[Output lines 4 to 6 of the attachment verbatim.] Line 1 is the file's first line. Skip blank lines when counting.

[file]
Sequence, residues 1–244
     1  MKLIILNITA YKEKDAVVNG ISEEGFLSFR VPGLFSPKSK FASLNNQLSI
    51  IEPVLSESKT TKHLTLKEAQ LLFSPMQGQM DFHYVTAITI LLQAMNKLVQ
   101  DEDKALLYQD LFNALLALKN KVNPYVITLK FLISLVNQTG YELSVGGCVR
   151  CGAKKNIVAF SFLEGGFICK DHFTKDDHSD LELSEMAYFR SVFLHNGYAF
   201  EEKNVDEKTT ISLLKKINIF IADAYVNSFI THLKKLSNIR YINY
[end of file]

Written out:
   101  DEDKALLYQD LFNALLALKN KVNPYVITLK FLISLVNQTG YELSVGGCVR
   151  CGAKKNIVAF SFLEGGFICK DHFTKDDHSD LELSEMAYFR SVFLHNGYAF
   201  EEKNVDEKTT ISLLKKINIF IADAYVNSFI THLKKLSNIR YINY